Curiosity is now zapping rocks with a laser. An alien actually has a laser gun. All of those science fiction films and novels turn out not be about aliens visiting us but us visiting alien worlds. Science fiction is not a window but a mirror.
The Tesla assembly line is a stark contrast, brilliantly lighted. Its fast-moving robots, bright Tesla red, each has a single arm with multiple joints. Most of them are imposing, 8 to 10 feet tall, giving them a slightly menacing “Terminator” quality.
But the arms seem eerily human when they reach over to a stand and change their “hand” to perform a different task. While the many robots in auto factories typically perform only one function, in the new Tesla factory a robot might do up to four: welding, riveting, bonding and installing a component.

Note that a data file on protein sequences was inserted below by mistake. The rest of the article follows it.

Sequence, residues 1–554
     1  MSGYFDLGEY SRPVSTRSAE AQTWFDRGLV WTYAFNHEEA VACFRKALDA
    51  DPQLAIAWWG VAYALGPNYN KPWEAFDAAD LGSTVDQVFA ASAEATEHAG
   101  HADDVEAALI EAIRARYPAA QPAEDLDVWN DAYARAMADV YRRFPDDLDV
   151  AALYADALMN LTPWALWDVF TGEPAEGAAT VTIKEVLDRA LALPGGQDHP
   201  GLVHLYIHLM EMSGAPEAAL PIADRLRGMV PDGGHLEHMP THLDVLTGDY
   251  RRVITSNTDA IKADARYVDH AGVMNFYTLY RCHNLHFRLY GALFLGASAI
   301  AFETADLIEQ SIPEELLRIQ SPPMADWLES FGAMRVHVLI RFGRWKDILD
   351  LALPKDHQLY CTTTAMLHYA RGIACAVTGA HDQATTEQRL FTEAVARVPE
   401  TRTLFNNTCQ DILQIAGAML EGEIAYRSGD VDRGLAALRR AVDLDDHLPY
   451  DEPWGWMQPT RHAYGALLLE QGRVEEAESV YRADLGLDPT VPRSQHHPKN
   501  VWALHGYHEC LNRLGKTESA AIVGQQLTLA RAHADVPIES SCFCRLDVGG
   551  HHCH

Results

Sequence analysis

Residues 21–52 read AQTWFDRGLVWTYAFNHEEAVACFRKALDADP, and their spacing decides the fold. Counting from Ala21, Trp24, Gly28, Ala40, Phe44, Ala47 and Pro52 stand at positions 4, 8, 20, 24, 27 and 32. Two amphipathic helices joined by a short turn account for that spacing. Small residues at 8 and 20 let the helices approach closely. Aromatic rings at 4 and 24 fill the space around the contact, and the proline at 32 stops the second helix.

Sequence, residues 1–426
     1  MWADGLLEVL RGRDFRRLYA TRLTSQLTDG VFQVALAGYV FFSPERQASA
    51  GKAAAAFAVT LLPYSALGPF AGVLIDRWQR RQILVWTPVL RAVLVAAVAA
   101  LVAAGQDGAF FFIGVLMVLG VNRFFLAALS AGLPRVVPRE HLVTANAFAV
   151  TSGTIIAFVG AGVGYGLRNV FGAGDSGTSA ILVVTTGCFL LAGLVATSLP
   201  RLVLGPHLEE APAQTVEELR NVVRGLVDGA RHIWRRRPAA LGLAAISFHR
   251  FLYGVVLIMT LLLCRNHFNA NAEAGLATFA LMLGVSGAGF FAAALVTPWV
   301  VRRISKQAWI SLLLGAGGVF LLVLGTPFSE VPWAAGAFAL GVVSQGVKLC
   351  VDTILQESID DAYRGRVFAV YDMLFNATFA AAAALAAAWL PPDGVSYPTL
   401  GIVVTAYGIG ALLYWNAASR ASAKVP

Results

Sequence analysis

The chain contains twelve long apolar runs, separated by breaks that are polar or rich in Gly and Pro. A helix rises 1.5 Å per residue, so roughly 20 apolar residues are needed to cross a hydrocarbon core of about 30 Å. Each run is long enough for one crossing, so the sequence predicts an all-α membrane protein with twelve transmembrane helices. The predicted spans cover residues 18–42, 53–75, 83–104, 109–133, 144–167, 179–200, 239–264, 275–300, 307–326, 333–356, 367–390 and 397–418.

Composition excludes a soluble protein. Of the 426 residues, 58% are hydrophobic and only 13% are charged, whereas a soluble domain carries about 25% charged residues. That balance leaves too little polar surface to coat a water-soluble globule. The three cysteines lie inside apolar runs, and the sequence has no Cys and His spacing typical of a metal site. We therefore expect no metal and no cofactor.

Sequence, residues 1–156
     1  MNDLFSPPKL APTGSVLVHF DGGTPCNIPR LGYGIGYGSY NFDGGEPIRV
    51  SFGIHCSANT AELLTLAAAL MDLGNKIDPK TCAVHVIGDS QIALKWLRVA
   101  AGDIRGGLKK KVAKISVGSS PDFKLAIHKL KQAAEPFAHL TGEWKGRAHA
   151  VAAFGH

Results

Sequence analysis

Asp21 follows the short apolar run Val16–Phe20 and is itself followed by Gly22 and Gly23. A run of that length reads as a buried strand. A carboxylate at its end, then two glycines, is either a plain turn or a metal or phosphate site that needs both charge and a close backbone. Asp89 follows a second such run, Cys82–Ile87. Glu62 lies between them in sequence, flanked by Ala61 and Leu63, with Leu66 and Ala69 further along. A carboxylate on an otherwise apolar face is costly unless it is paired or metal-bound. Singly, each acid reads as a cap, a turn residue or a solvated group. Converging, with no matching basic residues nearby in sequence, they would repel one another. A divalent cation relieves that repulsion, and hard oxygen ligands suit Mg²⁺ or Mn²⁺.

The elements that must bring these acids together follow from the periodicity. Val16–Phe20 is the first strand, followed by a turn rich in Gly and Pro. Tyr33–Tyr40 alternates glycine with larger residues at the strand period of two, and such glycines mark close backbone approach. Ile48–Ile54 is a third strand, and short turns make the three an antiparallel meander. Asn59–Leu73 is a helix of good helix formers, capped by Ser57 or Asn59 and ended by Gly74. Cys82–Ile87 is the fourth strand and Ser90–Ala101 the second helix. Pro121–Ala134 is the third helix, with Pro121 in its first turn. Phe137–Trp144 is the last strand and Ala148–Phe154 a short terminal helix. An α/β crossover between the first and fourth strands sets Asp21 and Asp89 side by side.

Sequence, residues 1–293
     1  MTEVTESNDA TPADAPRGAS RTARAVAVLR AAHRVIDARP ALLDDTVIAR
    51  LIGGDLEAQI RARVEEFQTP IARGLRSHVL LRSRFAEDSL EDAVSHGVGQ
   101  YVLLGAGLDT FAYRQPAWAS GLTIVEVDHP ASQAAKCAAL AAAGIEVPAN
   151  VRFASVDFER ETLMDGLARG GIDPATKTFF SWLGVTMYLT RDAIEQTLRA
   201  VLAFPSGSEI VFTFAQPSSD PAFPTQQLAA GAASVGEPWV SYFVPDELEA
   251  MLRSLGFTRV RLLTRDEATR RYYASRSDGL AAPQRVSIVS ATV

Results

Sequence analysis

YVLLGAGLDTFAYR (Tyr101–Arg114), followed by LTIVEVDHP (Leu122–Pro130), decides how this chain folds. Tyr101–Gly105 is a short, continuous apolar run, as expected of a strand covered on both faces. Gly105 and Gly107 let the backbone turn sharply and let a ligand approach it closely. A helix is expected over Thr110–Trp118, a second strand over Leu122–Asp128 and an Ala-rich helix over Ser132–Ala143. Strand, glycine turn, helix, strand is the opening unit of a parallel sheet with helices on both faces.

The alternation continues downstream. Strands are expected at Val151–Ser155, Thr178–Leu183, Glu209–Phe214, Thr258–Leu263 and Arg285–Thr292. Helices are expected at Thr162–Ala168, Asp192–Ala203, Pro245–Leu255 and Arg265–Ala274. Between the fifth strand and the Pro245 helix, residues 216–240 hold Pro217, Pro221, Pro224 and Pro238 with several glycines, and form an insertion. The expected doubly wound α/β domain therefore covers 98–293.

As many as eight robots perform a ballet around each vehicle as it stops at each station along the line for just five minutes.
How can you not be impressed by this vision of the future that's rapidly, wonderfully colonizing the present? But what about the jobs, I hear you say. You are a Marxist, how can you not see this as one arena in capitalism's global war on workers. First: Marxism is only a critique or theory of capitalism; it is not an economic system. You do not replace capitalism with Marxism. The end of capitalism is the end of Marxism. Second: Socialism, which can replace capitalism (as it is an economic theory), has a long history of seeing in machine labor the spiritual and intellectual liberation of humankind. The machines can do all the work and we can finally all become scholars—the root of which, schole, means “spare time, leisure."